Louisa Boyd, “Cartography I”

From above

From side




Louisa Boyd (Cheshire, England)

Cartography I
Turkish map-fold book with etched pages and collagraph end papers. Blind tooled leather cover.
Edition of 3
3 pages
Dimensions open: H 5” x W 10”x D 4”
Dimensions closed: diameter 5”, depth 1”

I often consider place and its meaning to an individual in my work. Literal interpretations of the environment, representations of mapping as well as more abstract concepts about our individual finite existence and our relationship with home find their way into my pieces. Tradition, both familial and cultural, lie at the heart of my artistic practice and in many instances I am considering memory and knowledge and how this is transferred across generations.

Using the book itself makes reference to our cultural heritage, a traditional skill that relies on methods that have remained unchanged for centuries. In such senses, the process of bookbinding has become as important as the books themselves and the concepts behind them. Recognizing the beauty and skill involved in making books is just as much part of the work. It is a slow process, and requires patience, concentration and practice, but it is calming and rewarding. The hand-bound book stands out in an age where we are used to fast results and machine-made objects.

Materials and technique also play an important role in all the pieces, and I dedicate a lot of time to experimenting with paper, paint and printmaking, pushing materials and understanding what they do. I am particularly interested in paper as a material with its fragile properties and I enjoy its sometimes unpredictable nature. Printmaking has become a large part of my practice over recent years and again I enjoy the historical relevance of this method of working and passing on of traditional skills. Many printmaking processes employed aid concept within the pieces as the permanent marks made by tools and techniques evoke ideas of retained memories and repetition of image alludes to the idea of inter-generational traditions.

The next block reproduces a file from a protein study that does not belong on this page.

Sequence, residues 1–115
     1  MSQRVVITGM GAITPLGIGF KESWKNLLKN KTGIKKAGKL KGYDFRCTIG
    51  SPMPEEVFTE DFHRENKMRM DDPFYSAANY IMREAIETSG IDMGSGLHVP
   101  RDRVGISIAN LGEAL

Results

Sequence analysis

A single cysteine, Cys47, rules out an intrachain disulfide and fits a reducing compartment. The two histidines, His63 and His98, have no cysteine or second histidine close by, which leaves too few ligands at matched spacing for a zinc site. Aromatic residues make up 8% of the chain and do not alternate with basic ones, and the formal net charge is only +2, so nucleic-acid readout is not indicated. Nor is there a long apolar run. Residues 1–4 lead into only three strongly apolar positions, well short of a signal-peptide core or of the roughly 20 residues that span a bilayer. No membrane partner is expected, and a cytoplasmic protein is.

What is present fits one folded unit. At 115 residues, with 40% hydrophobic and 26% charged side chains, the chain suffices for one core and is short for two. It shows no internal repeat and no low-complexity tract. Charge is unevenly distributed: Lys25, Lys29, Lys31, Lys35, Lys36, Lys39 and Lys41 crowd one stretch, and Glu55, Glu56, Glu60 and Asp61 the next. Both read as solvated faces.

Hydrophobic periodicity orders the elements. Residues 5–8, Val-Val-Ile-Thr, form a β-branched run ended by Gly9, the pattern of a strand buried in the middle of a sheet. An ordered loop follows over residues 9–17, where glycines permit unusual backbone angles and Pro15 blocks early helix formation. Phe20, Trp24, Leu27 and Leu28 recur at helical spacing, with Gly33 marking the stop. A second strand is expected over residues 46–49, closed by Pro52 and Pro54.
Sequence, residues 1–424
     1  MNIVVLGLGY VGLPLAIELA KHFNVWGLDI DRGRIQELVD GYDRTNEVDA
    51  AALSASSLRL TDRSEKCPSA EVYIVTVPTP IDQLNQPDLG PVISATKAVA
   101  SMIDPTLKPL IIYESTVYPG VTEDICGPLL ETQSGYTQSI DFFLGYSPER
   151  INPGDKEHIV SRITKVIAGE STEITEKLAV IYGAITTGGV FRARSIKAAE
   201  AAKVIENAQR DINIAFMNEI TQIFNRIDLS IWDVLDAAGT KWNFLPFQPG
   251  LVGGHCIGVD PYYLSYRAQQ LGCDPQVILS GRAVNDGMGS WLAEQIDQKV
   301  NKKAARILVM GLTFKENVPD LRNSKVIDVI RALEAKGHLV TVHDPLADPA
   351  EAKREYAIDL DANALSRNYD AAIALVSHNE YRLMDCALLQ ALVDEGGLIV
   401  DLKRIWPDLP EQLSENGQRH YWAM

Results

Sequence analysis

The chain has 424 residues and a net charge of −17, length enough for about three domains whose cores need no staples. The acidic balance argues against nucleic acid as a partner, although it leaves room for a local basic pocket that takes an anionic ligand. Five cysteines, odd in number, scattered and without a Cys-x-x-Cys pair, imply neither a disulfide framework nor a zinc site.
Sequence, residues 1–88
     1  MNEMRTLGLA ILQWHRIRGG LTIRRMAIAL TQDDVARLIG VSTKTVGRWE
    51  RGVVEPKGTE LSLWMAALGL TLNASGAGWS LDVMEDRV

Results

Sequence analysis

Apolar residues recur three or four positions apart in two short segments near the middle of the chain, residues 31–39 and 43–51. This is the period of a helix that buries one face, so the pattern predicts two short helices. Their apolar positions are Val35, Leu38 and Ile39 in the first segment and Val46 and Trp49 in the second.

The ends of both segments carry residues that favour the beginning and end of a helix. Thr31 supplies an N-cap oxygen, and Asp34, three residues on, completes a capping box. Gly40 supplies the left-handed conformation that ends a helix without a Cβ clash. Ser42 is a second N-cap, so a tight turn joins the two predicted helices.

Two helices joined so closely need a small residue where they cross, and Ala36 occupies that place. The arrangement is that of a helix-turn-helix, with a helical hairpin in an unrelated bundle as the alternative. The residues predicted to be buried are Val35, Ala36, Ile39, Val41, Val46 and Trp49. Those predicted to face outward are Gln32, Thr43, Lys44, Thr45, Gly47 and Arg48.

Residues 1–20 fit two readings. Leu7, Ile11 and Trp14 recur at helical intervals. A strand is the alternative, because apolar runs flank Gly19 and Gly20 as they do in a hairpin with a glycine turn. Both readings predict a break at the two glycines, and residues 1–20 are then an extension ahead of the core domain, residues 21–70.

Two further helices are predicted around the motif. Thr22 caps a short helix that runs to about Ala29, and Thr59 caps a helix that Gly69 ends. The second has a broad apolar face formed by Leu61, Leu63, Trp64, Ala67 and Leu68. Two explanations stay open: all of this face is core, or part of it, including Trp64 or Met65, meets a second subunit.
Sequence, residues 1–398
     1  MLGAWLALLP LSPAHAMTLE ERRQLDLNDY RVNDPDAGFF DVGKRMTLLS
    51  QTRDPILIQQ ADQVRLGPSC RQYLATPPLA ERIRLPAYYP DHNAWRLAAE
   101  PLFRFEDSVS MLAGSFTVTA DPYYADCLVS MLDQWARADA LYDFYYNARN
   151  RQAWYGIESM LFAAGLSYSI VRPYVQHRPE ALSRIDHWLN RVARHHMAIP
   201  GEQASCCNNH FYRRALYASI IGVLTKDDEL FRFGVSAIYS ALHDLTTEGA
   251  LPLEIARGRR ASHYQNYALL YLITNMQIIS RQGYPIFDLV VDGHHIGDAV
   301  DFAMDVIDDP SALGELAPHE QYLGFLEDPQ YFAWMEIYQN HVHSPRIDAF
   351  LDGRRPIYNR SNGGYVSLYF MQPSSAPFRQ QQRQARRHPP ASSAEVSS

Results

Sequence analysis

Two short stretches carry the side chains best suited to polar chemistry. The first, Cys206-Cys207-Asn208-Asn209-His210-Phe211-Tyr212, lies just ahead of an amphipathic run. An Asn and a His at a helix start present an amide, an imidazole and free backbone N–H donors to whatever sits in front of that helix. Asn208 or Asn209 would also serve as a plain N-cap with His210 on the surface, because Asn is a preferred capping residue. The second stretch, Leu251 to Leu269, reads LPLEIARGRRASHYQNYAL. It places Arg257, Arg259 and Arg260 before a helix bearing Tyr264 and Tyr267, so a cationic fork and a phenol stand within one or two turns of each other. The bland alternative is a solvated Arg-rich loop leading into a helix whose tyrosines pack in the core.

Cartography I is an etched book, bound using a Turkish map-fold structure with a hand tooled leather cover. It uses abstract imagery to evoke ideas of mapping and is part of a series of works that explore ideas of human existence and a sense of place through symbols and technique. Mapping is used as a way of making sense of our environment and this piece considers this on both a physical and emotional level. It uses the book structure, the imagery and the method of making marks to allude to its meaning.

The piece includes three internal folded pages, featuring an etching printed onto Somerset paper on each page. These pages can be opened flat to be viewed individually, or the book may be viewed as a sculpture. The end papers are collagraphs printed with oil based inks onto Magnani paper, with a brown leather cover featuring the title of the book, blind embossed.